Picture: Trevor Stevens

Qataris have a lot going for them. They have money, lots of it. And they aren’t afraid to spend it. Qatar, which is tax-free, is also a small country. It’s just over half the size of the Kruger National Park, and home to less than three million people, of which only a tenth are Qataris, so it doesn’t take more than a couple of hours to travel from one end of the country to the other.

That everything is in close proximity is a big drawcard for World Cup fans, especially after the Doha Metro, a rapid transit system with four lines and an approximate overall length of 300km and 100 stations, is completed next year.

“Because it’s a nice compact World Cup, people will be able to watch more than one match a day due to the transport available,” said Brad Habana, whose company is responsible for delivering on the construction of stadiums. His job title is sponsorship senior specialist and he is also the brother of Springbok winger, Bryan.

“They also can be based in one area for the duration of the tournament because the maximum amount of time between each venue is one hour.

“People ask why Qatar is hosting the World Cup. It’s not a football nation, they say,” he added. “I say why not Qatar? The winter weather is going to be perfect… the facilities brilliant. Just look at our cooling systems inside the stadiums.”

But there’s more. Qatar will also give back to Fifa at the completion of the World Cup. Most of the stadiums are modular, so they will take the seats and materials to developing countries in a bid to boost the game.

Dhow boat at the coast of Doha during sunset

Dhow boat at the coast of Doha during sunset. Picture: iStock

The heat is such a huge factor in the Middle East. With that in mind the World Cup will be hosted during winter, from November 21 to December 18. So while nights can get slightly cool – it’s like being in Durban at night – temperatures during the day seldom go above 35º Celsius. In summer, everyone is encouraged to stay indoors during the day as temperatures can reach upwards of 50ºC.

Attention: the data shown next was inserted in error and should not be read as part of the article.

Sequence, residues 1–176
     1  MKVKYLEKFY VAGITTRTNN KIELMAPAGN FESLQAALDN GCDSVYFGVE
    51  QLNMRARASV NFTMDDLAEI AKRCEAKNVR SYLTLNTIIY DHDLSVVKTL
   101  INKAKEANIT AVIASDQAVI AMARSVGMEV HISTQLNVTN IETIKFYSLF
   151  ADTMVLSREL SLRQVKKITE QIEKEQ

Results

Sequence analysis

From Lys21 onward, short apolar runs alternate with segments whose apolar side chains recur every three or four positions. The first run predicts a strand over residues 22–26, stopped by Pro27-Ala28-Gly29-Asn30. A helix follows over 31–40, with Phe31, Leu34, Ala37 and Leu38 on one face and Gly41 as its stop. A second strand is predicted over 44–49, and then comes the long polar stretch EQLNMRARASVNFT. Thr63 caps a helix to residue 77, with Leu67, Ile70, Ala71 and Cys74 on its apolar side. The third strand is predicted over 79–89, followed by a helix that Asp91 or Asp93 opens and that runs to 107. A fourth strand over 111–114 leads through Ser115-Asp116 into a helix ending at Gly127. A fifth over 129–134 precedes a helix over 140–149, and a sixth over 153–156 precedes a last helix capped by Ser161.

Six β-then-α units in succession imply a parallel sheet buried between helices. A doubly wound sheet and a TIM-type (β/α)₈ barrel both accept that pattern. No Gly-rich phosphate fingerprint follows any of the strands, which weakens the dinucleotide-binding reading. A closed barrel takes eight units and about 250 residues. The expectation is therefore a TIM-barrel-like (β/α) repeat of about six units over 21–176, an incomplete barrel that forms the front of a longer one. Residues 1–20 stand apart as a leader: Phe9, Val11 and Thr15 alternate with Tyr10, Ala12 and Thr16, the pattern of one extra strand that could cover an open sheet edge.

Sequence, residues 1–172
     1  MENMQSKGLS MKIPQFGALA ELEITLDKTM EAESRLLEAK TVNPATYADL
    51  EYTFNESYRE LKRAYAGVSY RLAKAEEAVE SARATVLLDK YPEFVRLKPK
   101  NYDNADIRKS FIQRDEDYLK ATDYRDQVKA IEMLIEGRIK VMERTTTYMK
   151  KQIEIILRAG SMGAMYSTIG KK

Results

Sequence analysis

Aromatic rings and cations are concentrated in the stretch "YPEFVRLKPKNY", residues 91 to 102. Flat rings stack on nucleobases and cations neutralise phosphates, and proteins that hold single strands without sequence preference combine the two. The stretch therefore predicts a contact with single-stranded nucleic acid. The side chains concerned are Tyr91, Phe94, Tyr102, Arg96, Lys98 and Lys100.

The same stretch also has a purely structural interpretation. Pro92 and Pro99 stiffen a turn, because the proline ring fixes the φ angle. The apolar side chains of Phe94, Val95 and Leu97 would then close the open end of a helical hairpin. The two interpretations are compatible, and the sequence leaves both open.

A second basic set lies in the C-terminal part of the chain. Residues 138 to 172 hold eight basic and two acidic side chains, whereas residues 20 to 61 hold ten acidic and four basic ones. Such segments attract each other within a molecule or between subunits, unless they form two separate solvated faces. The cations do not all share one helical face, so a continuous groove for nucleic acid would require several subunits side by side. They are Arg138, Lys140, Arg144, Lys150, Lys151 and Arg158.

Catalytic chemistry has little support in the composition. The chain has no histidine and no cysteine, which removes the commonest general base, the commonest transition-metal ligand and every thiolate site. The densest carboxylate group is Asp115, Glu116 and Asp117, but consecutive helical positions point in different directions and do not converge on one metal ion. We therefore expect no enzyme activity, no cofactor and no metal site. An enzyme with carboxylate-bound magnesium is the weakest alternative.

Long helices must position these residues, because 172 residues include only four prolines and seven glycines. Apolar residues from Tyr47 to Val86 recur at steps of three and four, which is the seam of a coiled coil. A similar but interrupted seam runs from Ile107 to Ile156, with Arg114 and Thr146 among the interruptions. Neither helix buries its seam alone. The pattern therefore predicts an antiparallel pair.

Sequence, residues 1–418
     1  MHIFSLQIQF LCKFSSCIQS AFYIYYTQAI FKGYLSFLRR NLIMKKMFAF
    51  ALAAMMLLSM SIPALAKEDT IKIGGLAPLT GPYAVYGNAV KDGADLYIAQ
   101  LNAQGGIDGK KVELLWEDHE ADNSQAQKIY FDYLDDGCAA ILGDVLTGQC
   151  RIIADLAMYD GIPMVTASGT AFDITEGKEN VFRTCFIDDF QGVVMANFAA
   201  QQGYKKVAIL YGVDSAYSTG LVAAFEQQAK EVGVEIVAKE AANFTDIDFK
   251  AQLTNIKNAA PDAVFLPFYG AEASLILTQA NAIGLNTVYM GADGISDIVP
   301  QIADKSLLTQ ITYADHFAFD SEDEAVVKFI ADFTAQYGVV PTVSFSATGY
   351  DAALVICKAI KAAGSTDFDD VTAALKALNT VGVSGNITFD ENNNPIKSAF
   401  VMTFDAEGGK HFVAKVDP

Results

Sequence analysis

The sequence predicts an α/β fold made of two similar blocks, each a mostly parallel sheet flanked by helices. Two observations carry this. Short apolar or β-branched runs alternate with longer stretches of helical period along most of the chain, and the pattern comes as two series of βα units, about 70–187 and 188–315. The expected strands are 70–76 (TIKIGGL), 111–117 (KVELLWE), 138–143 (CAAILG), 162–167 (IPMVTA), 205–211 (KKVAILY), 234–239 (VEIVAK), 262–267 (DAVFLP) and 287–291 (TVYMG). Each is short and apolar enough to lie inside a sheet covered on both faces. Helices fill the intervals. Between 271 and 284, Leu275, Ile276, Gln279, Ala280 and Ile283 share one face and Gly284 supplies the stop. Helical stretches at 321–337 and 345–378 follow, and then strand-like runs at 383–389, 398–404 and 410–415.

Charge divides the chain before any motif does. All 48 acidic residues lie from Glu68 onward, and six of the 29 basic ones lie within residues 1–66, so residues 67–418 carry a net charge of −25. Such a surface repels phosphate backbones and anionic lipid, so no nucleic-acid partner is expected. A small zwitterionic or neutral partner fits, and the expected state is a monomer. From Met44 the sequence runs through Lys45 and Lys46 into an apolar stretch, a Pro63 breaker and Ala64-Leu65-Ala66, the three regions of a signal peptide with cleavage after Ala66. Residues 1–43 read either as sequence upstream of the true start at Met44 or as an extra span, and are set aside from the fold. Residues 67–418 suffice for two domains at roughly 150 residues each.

After hours Doha comes to life, whether it’s at the night market, like the bustling Souq Waqif, or on a traditional dhow where the spectacular colours of the buildings around the capital can be seen from the water.

Culture is also big in Qatar and the Katara cultural village dates back to 750 AD. The Museum of Islamic Art represents Islamic art from three continents. The collection includes metal work, ceramics, jewellery, wood work, textiles and glass obtained from three continents and dating from the seventh to the 19th century.

camel, desert

Picture: Trevor Stevens

But what would a visit to Qatar be without going to the desert? We went on a scenic drive south – at times on a seven-lane highway nogal – towards the Saudi Arabian border. First we rode camels and then went dune bashing in, you guessed it, a Land Cruiser. A desert sunset is a treat. You feel so at peace with the world watching the sun dip below the sand.

The evening ended at a five-star tented camp where luxurious, curtained gazebos lined the beach and the barbecue was in open pits.

For the tourist influx of 2022, they won’t be building more hotels. Instead, they will bring in cruise liners and set up new desert camps to avoid being left with empty buildings after everyone leaves. But after a few days in Qatar, I wonder why anyone would want to leave …